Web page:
It must be presumed that, when the plaintiff lent the money to Mangal to pay off the mortgage he lent it upon the security expressed in the bond and for which he stipulated. Equity cannot give him an additional security because the security relied upon turns out to be bad as regards a portion of the lands included in it.

3. Similarly, in the present case there is no room for a presumption of an intention on the part of the parties, that Ex. B should be kept alive, after it was discharged. There was no intermediate encumbrance, against which it might have served as a shield. Before the subsequent mortgage was executed, the prior mortgage had been discharged and ceased to exist. Section 74 of the Transfer of Property Act gives a subsequent mortgagee a right to pay off a prior mortgagee, but he cannot by so doing enlarge the scope of the security which he had got by his own mortgage deed, upon the property of his mortgagors. This section covers independent acts of subsequent mortgagees, paying off prior mortgagees, and has no application to the facts of this case. For Avudayammal's mortgage was finally discharged on April 12th, 1912, before the plaintiff's mortgage was executed on April 21st, 1912, as it appears from the endorsement on Ex. B. Section 91 is not applicable because the plaintiff had no interest in redeeming property other than what was legally the subject of his mortgage. In the words of Sir Barnes Peacock:

There is nothing in the bond, or in the evidence, or even in the surrounding circumstances, to show that the mortgagor (there Mangal, here Akkala Naicker) intended to keep the mortgage (there Lakshminarain's here Avudayammal's) alive, or that he or the plaintiff intended that the latter should hold that mortgage as an additional security for the loan.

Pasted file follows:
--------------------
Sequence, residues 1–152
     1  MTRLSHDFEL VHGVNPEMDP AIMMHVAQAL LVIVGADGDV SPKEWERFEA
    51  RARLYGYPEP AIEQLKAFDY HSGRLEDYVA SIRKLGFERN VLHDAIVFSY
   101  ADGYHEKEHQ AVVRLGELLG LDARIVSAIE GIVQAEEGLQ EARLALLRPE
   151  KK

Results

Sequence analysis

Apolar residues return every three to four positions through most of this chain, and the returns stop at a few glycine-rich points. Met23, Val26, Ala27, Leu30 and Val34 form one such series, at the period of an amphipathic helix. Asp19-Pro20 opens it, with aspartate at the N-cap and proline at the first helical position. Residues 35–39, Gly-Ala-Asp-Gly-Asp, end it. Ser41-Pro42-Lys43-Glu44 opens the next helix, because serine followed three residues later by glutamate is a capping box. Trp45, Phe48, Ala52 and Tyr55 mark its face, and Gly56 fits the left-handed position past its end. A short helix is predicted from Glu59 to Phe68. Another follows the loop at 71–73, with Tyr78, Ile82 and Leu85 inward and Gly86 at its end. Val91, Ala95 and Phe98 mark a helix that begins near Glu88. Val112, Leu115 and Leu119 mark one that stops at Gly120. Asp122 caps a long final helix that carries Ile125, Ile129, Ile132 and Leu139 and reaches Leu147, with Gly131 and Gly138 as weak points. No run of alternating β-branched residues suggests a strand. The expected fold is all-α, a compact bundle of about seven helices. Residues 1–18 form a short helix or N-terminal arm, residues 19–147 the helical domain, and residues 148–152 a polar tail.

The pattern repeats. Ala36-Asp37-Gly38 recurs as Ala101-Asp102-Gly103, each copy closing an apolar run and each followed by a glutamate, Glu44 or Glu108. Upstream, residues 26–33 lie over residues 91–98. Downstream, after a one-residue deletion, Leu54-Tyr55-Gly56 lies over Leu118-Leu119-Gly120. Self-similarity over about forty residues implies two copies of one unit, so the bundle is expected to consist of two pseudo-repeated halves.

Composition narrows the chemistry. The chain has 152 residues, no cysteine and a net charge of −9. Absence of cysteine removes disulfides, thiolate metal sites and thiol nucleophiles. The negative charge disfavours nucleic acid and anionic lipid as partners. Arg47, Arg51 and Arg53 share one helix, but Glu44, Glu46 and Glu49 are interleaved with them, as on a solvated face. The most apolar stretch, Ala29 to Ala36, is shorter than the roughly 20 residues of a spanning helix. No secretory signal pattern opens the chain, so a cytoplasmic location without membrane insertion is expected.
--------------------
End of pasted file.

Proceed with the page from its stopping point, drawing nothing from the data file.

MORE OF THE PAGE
4. The mortgagor's interest was to extinguish Avudayammal's mortgage, which carried 12 per cent, interest, by giving a mortgage to the plaintiff at 9 per cent, and he therefore cannot be presumed to have intended to agree to its being kept alive.

5. Following Mohesh Lal v. Mohant Bawan Das [1883] 9 Cal. 961, I agree with my learned brother that this appeal must be allowed with costs, in both Courts, and the plaintiff's suit dismissed against Defendants 1 to 3. The decree will be drafted, so as to make the 4th defendant's properties alone liable.

6. Time for payment is extended to 6 months, from this date.

Ramesam, J.

7. The appeal arises, out of a suit brought on a deed of mortgage (Ex. A, dated 21st April 1912), executed by one Akkala Naicker, on his own behalf, as well as on behalf of his (then) minor son Algirisami Naicken, 4th defendant. The 1st defendant is another son of the said Akkala Naicken, by a different wife. So, he is a half brother of 4th defendant. 2nd and 3rd defendants are his son. The defendants 1, 2 and 3 were impleaded; on the ground (among other grounds which need not be considered), that part of the consideration of Ex. A went in discharge of an earlier mortgagee bond (Ex. B, dated 20th July, 1898), executed by the said Akkala Naicken for himself and as guardian of the 1st defendant. To the extent it was so utilized, the Subordinate Judge granted a decree against Defendants 1 to 3, who appeal.